Phones like the Micromax Canvas Express 2 are the reason that Micromax is among the top three phone manufacturers in India. The phone has a lot to offer and it does everything right when it comes to performance, but in order to perform well, loses its battery charge quite rapidly.
The sub-7K smartphone segment is a very highly contested price bracket, with phones like Xiaomi's Redmi 2 and the YU Yuphoria offering excellent bang-for-your-buck. Micromax, however, knows the budget segment market very well, and the new Micromax Canvas Xpress 2 is out to trump them all. On paper, the phone has what it takes to beat everything in the sub-7K price bracket, but how well does it perform in the real world? Well, I used the phone for almost a week and found out that it is a good one, except for just one big drawback (and the lack of 4G connectivity). Read on as I explain why the Micromax Canvas Express 2 is great phone with an “if” clause attached to it.
Build and Design
Micromax has been testing new designs at affordable price points and that seems to be working here. The Micromax Canvas Xpress 2 is a good looking phone. The design looks like an upgraded version of the Micromax Canvas Spark which I reviewed earlier. The matte plastic back, combined with the 5-inch display, feels nice and is easy to hold. Some hints are taken from the design of the HTC One M9 Plus, like the golden side trim, which make the phone quite a looker. The build is plastic, but it feels quite sturdy in hand, and the display also has Gorilla Glass 3 protection. At a price of Rs. 5,999, it doesn't leave much room to complain. One thing to point out though; out of the two grills at the bottom, only the right grill has the speaker underneath.
Display and UI
The 5-inch display on the Canvas Express 2 is as good as the one we saw on the Lenovo A6000. It offers depth in terms of colour reproduction. While it also has quite a light touch, it still feels a bit short compared to the display on the Xiaomi Redmi 2, which has better touch-response and is also good looking. The 720p HD display also offers very good and very wide viewing angles, making it one of the best displays I have seen on a budget smartphone.
For the UI, Micromax has gone with the tried and tested near stock version of Android Kitkat. We have seen this UI in many Micromax phones lately. The company says that the phone will get an Android Lollipop update soon, but I think it would have been a better decision to make it available out of the box. The whole UI navigation is buttery-smooth, and I faced no trouble or lags while navigating through any part of the phone. One thing I didn't like though was the amount of pre-installed apps. The phone packs almost 800MB worth of pre-installed apps, which makes the 4.98GB of usable storage even smaller. However, these can be uninstalled.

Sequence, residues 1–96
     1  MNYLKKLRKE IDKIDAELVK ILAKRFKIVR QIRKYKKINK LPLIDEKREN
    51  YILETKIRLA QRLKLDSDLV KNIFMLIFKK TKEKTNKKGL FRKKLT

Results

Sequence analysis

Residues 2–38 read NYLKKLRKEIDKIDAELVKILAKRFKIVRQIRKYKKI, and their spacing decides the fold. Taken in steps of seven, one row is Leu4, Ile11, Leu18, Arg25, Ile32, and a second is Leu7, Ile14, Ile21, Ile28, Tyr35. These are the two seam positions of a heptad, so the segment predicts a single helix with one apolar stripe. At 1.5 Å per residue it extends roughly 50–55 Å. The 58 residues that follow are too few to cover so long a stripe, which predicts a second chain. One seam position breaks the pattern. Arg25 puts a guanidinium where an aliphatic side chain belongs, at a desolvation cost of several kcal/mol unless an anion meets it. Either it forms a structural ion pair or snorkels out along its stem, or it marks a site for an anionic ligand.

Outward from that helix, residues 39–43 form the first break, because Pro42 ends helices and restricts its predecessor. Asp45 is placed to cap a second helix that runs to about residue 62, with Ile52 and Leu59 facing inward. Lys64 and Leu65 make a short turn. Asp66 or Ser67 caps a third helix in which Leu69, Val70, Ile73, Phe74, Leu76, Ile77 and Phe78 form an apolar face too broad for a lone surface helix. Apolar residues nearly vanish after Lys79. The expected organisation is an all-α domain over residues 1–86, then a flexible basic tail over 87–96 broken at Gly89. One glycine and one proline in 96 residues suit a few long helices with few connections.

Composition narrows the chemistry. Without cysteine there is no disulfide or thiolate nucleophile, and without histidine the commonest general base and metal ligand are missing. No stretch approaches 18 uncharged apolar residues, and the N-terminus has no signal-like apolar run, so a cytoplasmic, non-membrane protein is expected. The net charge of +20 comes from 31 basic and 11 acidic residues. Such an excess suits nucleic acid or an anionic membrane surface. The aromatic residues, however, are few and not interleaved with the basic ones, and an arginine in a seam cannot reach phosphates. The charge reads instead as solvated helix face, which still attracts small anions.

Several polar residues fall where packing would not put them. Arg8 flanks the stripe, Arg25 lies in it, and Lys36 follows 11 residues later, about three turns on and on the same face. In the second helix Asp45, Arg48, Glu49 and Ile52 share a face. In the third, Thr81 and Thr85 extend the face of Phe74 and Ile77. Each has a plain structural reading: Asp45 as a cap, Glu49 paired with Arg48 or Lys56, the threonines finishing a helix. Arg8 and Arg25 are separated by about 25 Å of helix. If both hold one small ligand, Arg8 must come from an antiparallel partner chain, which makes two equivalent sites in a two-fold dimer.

The octa-core MediaTek processor in this budget offering blows its competitors out of the water. The phone is a brilliant performer for the price, and was more than impressive all-round. It goes without saying that day-to-day tasks were a breeze, browser performance was good, and multi-tasking is decent. Speaking of multitasking, 2GB of RAM would have been extremely good, but like I said, at this price, is still reasonable. Gaming performance is stellar, the phone handles graphic intensive, and even large games, like a champion, as compared to its competitors.
Take a look at the synthetic benchmark scores. These will give you an idea of its performance.
In terms of raw performance, the phone is quite impressive, and it doesn't stop there. The sound quality, via headphones, is unlike anything I have seen so far at this price and the single speaker at the bottom does a decent job as well. Call quality is trustworthy and, while 4G is making its way into India, the phone will only do 3G, which is perhaps the only downfall of this phone at the moment.
This is the only flaw in the phone. It’s not downright poor, but it's not as consistent in its performance. In our normal video loop test where we run a 1080p video on loop, the 2500mAh battery died after just 5 hours. Using the phone as a daily driver (including gaming on it), it was able to last just over 6 hours at an average, while shuffling between WiFi and 3G networks. If you like playing games, buying a power bank is recommended, as the phone loses almost 30% charge in an hour of gaming. On top of that, the 2500mAh takes atleast 2-3 hours to charge. However, if you are not into games, the phone may last more than 7 or 8 hours on a single charge. Yes, you might say that the phone should last you a full day, but for practical purposes, about eight hours of regular usage would suit many. You can make do with the battery life, but it remains the one big chink in the otherwise shiny armour.
This budget offering has a 13MP camera sensor at the back, which is not the best 13MP camera sensor around, but does a good job for the price. The images taken by the rear camera have decent dynamic range and very good colour reproduction. Low light images do have a bit of noise, but even then, the camera is able to produce some good looking photos. Unlike the rear camera, the front-facing 2MP camera though is not that good, but it is definitely better than the average budget offerings.
The Micromax Canvas Xpress 2 is a great phone for the price, even though it comes with an “if” clause, which is "if" you are not a mobile gamer, this phone will offer stellar performance, a good camera, and one of the best designs in the budget segment, along with a usable battery. So, to conclude, I would recommend this phone to anyone who’s budget is under 7K and is not into mobile gaming.
|Release Date:||15 May 2017|
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